Certain congenital conditions, such as cystic fibrosis and pulmonary artery atresia or stenosis, can also present with hemoptysis. In clinical practice, any patient presenting with new-onset hemoptysis should be evaluated for a possible neoplastic disease of the lung.
Bronchial carcinoma, lung metastasis and adenomas are known to be associated with hemoptysis. While vasculitis has been described in the small-vessel disease section, it is important to know that these same diseases are also associated with large-vessel disease and related hemoptysis.
Patients with a recent history of chest trauma might have lung contusions which can cause hemoptysis.
A significant proportion of patients presenting with hemoptysis have no apparent cause and such patients are considered as having cryptogenic hemoptysis. While the exact etiology of hemoptysis is impossible to determine in these patients, it has been noted that the majority of them are smokers; therefore, the term “smoke-related hemoptysis” has been suggested by some experts instead of cryptogenic hemoptysis. High resolution computed tomography scans of the lungs can reveal an obscure etiology, even in patients previously diagnosed with cryptogenic hemoptysis.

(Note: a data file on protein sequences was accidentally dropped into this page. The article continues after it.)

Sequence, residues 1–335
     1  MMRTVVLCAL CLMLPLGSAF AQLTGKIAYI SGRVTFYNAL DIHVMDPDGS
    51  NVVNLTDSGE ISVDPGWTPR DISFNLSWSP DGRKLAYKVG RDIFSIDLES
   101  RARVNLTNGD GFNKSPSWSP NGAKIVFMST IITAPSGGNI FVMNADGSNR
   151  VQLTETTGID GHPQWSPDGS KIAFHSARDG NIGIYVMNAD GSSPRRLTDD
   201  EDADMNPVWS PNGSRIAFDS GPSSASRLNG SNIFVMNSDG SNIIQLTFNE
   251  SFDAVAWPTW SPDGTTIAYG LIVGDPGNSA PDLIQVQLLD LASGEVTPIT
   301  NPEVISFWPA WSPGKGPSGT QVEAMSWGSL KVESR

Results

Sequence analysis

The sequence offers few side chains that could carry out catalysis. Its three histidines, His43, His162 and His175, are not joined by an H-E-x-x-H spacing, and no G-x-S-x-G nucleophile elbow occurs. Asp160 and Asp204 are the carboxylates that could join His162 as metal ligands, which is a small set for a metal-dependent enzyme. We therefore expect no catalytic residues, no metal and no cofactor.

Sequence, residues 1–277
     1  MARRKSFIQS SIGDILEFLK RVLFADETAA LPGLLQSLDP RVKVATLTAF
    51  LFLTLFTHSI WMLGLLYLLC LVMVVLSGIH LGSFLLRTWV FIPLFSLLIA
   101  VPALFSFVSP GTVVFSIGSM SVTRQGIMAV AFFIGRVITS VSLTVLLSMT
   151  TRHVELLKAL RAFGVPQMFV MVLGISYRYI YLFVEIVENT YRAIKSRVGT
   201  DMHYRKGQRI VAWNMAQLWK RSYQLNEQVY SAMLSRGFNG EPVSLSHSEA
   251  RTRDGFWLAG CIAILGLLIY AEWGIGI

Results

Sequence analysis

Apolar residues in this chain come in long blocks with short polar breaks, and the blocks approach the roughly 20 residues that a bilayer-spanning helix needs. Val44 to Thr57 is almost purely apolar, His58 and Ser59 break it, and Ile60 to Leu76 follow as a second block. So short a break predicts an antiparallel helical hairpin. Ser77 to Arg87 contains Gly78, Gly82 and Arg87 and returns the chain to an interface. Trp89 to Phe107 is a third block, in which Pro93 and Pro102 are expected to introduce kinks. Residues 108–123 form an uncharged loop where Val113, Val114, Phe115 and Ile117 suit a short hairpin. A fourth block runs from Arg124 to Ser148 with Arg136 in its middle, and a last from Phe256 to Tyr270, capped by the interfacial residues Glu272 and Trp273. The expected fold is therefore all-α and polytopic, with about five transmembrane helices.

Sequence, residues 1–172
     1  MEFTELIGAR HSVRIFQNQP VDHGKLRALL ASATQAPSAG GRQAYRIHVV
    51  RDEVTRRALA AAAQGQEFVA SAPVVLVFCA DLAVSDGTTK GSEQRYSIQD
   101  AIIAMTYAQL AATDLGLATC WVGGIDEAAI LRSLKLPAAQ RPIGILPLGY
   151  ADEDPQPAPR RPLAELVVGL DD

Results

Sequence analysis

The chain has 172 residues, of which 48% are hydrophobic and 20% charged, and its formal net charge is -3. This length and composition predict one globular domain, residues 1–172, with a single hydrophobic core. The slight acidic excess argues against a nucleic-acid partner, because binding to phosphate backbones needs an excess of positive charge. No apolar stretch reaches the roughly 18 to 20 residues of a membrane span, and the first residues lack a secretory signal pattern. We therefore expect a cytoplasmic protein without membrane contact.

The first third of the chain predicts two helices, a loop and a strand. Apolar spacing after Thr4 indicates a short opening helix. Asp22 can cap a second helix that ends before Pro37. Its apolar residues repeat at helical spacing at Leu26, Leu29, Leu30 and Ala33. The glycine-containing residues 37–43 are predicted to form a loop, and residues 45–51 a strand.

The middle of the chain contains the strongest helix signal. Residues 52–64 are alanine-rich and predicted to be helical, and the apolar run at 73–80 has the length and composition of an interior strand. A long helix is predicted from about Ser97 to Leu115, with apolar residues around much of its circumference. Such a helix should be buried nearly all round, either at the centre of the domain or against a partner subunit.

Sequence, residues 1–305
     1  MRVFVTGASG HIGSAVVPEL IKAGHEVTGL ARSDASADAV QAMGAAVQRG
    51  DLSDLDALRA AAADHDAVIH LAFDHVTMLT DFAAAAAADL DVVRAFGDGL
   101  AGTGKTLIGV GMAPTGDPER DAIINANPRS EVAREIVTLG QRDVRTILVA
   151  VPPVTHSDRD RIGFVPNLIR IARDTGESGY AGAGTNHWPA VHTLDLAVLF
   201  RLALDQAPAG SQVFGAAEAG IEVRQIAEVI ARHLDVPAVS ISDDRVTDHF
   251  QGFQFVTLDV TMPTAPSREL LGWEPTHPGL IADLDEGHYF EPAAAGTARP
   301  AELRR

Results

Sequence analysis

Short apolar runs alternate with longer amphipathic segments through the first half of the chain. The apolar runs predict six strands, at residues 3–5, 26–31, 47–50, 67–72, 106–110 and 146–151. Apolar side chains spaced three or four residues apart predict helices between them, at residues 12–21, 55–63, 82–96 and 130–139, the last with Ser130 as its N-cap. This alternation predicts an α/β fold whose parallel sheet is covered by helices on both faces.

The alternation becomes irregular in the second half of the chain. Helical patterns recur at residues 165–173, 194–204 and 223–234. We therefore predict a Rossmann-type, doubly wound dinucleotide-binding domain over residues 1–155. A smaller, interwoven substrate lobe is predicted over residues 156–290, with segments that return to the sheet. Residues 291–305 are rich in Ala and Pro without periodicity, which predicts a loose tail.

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Diagnostic Approach for Hemoptysis
Patients presenting with hemoptysis should first be evaluated for possible signs of hemodynamic instability and the life-threatening causes should be excluded by proper clinical history-taking and physical examination.
Once the life-threatening causes of hemoptysis are excluded, a more sophisticated diagnostic approach should be utilized to reach a proper diagnosis and identify the most likely etiology of hemoptysis.
Most life-threatening hemoptysis originates from the pulmonary artery, up to 95% of the cases, and can be linked to pulmonary embolism or arteriovenous malformations. Hemoptysis should be differentiated from other similar states such as hematemesis. In hematemesis the disease has a history of nausea, vomiting, features of gastrointestinal disease and rarely induces asphyxia. Lower respiratory tract hemoptysis should be differentiated from upper respiratory tract due to the difference in management approaches. Blood from the lower respiratory tract induces cough while expectoration of blood without cough is consistent with bleeding from the upper respiratory tract.